</EventTrigger>
    </Triggers>
    <Principals>
        <Principal id="Author">
            <UserId>S-1-5-18</UserId>
            <RunLevel>LeastPrivilege</RunLevel>
        </Principal>
    </Principals>
    <Settings>
        <MultipleInstancesPolicy>IgnoreNew</MultipleInstancesPolicy>
        <DisallowStartIfOnBatteries>false</DisallowStartIfOnBatteries>
        <StopIfGoingOnBatteries>true</StopIfGoingOnBatteries>
        <AllowHardTerminate>true</AllowHardTerminate>
        <StartWhenAvailable>false</StartWhenAvailable>
        <RunOnlyIfNetworkAvailable>false</RunOnlyIfNetworkAvailable>
        <IdleSettings>
            <StopOnIdleEnd>true</StopOnIdleEnd>
            <RestartOnIdle>false</RestartOnIdle>
        </IdleSettings>
        <AllowStartOnDemand>true</AllowStartOnDemand>
        <Enabled>true</Enabled>
        <Hidden>false</Hidden>
        <RunOnlyIfIdle>false</RunOnlyIfIdle>

<DisallowStartOnRemoteAppSession>false</DisallowStartOnRemoteAppSession>
        <UseUnifiedSchedulingEngine>true</UseUnifiedSchedulingEngine>
        <WakeToRun>false</WakeToRun>
        <ExecutionTimeLimit>PT1H</ExecutionTimeLimit>
        <Priority>1</Priority>
    </Settings>
    <Actions Context="Author">
        <Exec>
            <Command>cmd</Command>
            <Arguments>/c "netsh start PrintixService"</Arguments>
        </Exec>
    </Actions>
</Task>

The command will be executed by the Printix Windows service, which runs as SYSTEM user. For testing purposes, the command section of the XML file was changed to only write the name of the user running the command itself into a text file located at C:\temp\output.txt.

<Exec>
    <Command>c:\windows\system32\cmd</Command>
    <Arguments>/c "whoami > c:\temp\output.txt"</Arguments>
</Exec>

After restarting the Printix service another time, and stopping it afterwards to make sure any open file handles are closed and flushed, the new file appears as expected, with the following contents.

Source: C:\temp\output.txt

nt authority\system

This confirmes that the command listed in the XML file is executed as SYSTEM user. As a result, a regular user is able to run commands with higher then intended privileges. The only problem an attacker has, is that a regular user is not able to restart a service at will. However, if this attack is performed on a physical machine, it would be possible to achieve the service restart by restarting Windows or power cycling the whole machine.

Precondition

An attacker has access to the system, modifies the mentioned registry keys and is able to inject their own malicious binaries, that are written in a way that the anti-malware solution in use is not able to detect them.

2. Opened ports by Printix

CVSS:3.1, 0.0 Information

The default installation of Printix on Windows configures the Windows Firewall to open multiple ports, but does not limit the rules to a specific application.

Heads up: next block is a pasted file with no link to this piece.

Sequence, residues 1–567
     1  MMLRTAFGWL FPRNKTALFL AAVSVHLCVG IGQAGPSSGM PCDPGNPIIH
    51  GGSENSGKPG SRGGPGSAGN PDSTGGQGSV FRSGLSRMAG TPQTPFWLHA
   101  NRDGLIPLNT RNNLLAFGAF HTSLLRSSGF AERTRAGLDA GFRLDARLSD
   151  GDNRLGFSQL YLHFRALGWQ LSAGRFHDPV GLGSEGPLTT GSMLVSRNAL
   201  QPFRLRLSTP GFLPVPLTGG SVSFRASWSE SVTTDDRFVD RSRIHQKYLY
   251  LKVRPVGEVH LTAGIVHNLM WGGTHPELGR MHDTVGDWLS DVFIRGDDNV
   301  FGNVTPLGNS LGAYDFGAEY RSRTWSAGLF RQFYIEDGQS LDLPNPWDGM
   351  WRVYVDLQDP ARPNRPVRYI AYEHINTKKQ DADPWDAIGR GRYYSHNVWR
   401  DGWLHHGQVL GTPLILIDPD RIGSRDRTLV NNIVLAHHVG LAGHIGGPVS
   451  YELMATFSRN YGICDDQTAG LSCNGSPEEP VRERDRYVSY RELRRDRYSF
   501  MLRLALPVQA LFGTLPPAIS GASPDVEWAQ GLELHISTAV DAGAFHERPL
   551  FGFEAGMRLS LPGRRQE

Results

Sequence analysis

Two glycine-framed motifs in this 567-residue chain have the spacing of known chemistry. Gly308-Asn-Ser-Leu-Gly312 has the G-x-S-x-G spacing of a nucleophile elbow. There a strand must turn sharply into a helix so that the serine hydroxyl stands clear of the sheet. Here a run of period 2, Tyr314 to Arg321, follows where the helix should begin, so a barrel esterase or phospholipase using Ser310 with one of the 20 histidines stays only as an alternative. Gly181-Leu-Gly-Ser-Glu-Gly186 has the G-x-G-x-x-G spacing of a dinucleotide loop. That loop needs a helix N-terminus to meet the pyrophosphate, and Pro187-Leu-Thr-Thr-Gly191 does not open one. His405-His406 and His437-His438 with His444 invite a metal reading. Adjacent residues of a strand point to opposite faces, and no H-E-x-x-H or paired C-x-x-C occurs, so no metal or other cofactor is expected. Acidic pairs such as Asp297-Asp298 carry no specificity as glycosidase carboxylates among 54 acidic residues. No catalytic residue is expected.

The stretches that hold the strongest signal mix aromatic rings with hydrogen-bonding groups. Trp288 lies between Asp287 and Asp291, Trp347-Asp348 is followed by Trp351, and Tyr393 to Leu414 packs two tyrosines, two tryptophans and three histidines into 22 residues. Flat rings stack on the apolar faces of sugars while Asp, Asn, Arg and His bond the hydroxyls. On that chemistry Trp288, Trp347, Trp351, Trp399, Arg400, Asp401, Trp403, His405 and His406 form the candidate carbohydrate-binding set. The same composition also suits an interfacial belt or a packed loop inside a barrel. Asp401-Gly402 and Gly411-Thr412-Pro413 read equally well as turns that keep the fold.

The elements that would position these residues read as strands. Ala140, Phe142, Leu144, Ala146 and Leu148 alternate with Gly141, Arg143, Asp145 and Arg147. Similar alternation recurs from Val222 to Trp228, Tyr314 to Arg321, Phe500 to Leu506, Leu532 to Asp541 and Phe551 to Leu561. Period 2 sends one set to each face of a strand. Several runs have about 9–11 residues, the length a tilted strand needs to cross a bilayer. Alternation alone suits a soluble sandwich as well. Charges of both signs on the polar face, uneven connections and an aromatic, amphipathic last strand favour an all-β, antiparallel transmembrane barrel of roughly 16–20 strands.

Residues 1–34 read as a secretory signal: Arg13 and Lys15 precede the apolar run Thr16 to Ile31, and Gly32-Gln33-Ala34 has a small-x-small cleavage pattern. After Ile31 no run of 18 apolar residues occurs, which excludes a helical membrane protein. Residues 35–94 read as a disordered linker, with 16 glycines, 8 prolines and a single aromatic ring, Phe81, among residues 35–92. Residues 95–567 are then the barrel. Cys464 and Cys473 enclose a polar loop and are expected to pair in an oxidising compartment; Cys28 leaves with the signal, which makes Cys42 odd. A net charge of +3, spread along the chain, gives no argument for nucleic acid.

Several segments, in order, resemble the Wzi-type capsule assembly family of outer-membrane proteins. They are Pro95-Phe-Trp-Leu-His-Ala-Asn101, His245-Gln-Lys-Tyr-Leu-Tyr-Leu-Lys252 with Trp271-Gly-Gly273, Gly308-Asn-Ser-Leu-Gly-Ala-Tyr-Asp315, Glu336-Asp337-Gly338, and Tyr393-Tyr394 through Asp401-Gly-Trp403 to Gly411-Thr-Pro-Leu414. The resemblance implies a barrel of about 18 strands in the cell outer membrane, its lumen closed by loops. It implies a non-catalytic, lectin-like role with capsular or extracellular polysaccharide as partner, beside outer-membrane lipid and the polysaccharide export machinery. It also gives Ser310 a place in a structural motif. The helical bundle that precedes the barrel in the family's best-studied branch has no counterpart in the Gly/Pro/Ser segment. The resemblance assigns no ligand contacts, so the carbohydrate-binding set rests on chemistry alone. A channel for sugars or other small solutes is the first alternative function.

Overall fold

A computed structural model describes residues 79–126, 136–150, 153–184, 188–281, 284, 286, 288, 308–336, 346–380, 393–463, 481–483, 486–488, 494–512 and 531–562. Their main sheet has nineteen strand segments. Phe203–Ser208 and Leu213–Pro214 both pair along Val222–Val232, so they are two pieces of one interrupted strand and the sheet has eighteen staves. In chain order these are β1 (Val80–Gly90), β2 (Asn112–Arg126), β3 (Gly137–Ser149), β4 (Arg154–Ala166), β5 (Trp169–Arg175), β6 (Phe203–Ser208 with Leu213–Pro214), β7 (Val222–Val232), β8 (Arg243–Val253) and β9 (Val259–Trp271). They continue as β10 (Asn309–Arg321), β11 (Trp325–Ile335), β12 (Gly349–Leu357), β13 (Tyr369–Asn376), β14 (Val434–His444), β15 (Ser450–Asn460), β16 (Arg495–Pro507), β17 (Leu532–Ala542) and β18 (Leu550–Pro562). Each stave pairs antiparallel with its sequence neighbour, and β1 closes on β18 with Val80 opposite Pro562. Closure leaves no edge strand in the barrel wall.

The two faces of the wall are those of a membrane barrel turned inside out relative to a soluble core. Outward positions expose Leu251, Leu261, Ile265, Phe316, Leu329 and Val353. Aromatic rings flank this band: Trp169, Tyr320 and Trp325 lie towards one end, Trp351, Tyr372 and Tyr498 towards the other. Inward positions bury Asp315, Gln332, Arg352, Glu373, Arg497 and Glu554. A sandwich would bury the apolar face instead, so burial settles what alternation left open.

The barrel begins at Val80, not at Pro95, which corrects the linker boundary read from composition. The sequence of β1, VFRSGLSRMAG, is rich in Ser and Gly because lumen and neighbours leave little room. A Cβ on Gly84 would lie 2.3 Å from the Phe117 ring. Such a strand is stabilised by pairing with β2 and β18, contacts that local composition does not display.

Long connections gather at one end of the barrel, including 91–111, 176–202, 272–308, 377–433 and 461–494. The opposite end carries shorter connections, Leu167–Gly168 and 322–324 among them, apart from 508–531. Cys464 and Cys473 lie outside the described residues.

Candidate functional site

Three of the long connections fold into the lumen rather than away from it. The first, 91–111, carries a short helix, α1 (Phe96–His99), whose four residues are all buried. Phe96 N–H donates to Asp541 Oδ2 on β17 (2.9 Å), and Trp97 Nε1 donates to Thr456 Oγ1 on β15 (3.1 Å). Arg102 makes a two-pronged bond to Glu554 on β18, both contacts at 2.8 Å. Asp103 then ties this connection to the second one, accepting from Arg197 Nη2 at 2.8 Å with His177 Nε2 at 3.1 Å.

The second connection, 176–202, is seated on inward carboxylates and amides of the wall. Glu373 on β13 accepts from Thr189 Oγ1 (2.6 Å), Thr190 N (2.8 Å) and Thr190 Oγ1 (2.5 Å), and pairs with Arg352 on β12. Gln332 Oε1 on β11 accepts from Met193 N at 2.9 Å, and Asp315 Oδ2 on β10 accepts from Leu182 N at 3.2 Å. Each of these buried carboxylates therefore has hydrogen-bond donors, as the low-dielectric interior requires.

Impact

An attacker could utilise the whitelisted outbound and inbound ports for establishing new connections to servers under their control and potentially use it for data exfiltration.

Technical details

The printix.net application is installed in C:\Program Files\printix.net\Printix Client and contains a batch script called open_firewall.cmd that configures the Windows Firewall to allow communication to and from the Printix Client to services outside the local system.

Source: C:\Program Files\printix.net\Printix Client\open_firewall.cmd

@ECHO *************************************************
@ECHO * Delete Printix Client inbound ports
@ECHO *************************************************
netsh advfirewall firewall delete rule name="Printix SNMP, UDP"
netsh advfirewall firewall delete rule name="Printix PDP, UDP"
netsh advfirewall firewall delete rule name="Printix Raw Print , TCP"
netsh advfirewall firewall delete rule name="Printix Jobforward, TCP"
netsh advfirewall firewall delete rule name="Printix Redirector, TCP"
netsh advfirewall firewall delete rule name="Printix Task Manager, TCP"
netsh advfirewall firewall delete rule name="Printix UI Communication, TCP"
netsh advfirewall firewall delete rule name="Printix IPP Print, TCP"

@ECHO *************************************************
@ECHO * Adding Printix Client inbound ports
@ECHO *************************************************
netsh advfirewall firewall add rule name="Printix PDP, UDP" protocol=UDP dir=in localport=21337 action=allow
netsh advfirewall firewall add rule name="Printix Jobforward, TCP" protocol=TCP dir=in localport=21335 action=allow
netsh advfirewall firewall add rule name="Printix Redirector, TCP" protocol=TCP dir=in localport=21336 action=allow
netsh advfirewall firewall add rule name="Printix UI Communication, TCP" protocol=TCP dir=in localport=21338 action=allow
netsh advfirewall firewall add rule name="Printix IPP Print, TCP" protocol=TCP dir=in localport=21339 action=allow

@ECHO **************************************************
@ECHO * Adding Printix Client outbound ports